Ty, a rambunctious toddler with curly blonde hair, has an infectious smile.
He never had any developmental delays, medical issues or neurological deficits prior to his diagnosis. However, Ty was never a good sleeper since the day he was born. He woke up frequently throughout the night crying, but we could always soothe him back to sleep. We discussed this with his pediatrician on several occasions and even had him scheduled for a sleep study. After a week straight of increasingly sleepless nights, we decided to take him to the emergency room for imaging. He was crying all through the night, but he couldn't tell us why. We just couldn't stand it anymore.
Ty didn't have any neurological symptoms. The doctors at Cohen's Children's Hospital in Long Island, NY didn't seem very concerned, but they did an MRI anyway. Since his case was not urgent, we stayed inpatient for another night because we were waiting for MRI/anesthesia availability. Ty slept beautifully at the hospital. We could not wait until the hospital visit was over—hoping to go home looking like silly, worried parents.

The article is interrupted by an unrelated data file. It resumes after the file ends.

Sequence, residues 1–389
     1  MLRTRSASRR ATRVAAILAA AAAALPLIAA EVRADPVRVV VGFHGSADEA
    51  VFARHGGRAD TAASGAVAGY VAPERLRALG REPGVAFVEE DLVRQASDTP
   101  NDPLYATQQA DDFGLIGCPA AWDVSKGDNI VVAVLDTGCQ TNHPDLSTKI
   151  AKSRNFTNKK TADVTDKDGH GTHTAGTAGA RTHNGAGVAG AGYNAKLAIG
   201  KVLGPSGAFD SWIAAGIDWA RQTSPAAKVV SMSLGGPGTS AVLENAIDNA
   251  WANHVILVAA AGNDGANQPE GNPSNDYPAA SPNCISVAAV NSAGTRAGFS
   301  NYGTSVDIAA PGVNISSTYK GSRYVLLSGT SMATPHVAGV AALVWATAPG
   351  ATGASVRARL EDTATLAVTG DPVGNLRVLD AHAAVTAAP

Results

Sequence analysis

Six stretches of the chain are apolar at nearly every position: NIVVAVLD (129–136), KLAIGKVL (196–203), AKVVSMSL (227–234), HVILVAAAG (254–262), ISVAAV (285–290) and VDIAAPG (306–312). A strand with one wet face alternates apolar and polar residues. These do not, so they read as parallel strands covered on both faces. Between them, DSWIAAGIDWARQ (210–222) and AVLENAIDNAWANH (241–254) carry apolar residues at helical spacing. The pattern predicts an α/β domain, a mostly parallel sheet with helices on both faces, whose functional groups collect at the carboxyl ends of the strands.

We packed up our things and waited to go home. My husband was standing in the hallway when the neurology team headed toward our room. "Is it good? Can we go?" he asked with a smile. "No?" With that he turned to look at me in slow motion and the walls began the melt. The sounds in the room became muffled. The world around us was falling to pieces. The devil was unveiled on a computer screen, right there in front of us. The MRI image showed Ty's profile with a tumor, about one inch in diameter, growing from his clivis and pushing against his brainstem, affecting his sleep. Lying down increased the pressure on his brainstem and was causing intermittent head pain.
The following week we traveled to speak with several of the nation's best pediatric neuro-surgeons. We talked about the different approaches, ranging from cutting through his upper jaw to trying an endoscopic approach through his nose and mouth. We spoke to strangers whose children were going through similar surgeries and followed through on countless recommendations.
Within a week, Ty began to fall apart before our eyes. Ty's speech began to slur. He lost the ability to drink from a straw, then from a sippy cup. His head began to hurt all the time. We decided to rush him into surgery with Dr. Steve Schneider at Cohen's Children's Hospital just days later. Dr. Schneider, a well-known endoscopic brain surgeon, made us confident that this would be the best approach for Ty. And so our journey began. We hope you will continue to follow his roller coaster journey here on www.superty.org and like him on Facebook at www.facebook.com/thelittlefighter.
Ty is a fighter.